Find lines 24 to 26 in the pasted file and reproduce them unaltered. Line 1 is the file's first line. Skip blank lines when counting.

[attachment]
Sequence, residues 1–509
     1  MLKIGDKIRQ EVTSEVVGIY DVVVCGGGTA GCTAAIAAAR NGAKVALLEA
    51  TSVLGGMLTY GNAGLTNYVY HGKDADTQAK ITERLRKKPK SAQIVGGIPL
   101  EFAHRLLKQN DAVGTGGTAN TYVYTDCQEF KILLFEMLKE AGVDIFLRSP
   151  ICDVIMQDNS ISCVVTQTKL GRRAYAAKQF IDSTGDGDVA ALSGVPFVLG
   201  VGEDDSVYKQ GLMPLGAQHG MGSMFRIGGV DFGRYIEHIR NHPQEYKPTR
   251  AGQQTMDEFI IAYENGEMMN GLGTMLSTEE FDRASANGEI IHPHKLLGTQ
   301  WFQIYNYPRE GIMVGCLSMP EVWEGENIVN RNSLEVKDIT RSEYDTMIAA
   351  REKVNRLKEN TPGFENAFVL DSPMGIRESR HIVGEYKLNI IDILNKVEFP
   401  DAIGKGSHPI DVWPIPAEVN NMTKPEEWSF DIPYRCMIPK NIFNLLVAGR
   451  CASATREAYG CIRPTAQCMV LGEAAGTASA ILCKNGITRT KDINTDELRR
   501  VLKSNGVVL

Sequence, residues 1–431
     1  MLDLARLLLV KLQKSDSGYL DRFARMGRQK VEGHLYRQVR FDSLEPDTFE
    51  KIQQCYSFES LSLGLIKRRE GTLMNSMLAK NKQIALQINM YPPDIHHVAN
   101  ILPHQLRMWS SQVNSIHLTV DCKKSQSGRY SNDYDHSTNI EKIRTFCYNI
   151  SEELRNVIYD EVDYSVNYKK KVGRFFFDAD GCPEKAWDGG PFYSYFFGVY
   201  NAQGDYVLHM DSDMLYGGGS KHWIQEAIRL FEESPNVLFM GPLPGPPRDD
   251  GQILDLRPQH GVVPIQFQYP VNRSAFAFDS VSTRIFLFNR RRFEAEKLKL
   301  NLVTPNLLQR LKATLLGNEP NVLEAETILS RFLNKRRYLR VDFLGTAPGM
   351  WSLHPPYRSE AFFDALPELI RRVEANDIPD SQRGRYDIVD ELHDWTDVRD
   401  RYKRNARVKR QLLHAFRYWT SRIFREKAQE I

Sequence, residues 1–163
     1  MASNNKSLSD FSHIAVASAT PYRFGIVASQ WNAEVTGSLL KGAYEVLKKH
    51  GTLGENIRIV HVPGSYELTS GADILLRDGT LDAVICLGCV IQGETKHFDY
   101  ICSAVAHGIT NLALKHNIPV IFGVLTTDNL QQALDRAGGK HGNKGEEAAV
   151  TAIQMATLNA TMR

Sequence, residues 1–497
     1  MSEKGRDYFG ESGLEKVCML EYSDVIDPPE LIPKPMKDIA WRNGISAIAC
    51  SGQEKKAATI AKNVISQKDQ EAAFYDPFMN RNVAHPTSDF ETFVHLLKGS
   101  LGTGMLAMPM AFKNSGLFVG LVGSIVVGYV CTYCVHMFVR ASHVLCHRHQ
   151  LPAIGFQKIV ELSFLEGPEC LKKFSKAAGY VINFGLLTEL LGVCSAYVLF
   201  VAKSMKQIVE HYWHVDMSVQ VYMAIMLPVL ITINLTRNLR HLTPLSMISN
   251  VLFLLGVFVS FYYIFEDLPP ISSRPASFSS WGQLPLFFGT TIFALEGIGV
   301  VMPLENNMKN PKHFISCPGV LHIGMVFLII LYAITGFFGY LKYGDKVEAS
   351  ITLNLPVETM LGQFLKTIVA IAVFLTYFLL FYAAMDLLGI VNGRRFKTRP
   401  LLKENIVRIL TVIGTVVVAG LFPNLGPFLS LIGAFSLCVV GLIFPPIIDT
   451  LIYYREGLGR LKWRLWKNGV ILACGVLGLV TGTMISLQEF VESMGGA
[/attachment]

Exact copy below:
     1  MASNNKSLSD FSHIAVASAT PYRFGIVASQ WNAEVTGSLL KGAYEVLKKH
    51  GTLGENIRIV HVPGSYELTS GADILLRDGT LDAVICLGCV IQGETKHFDY
   101  ICSAVAHGIT NLALKHNIPV IFGVLTTDNL QQALDRAGGK HGNKGEEAAV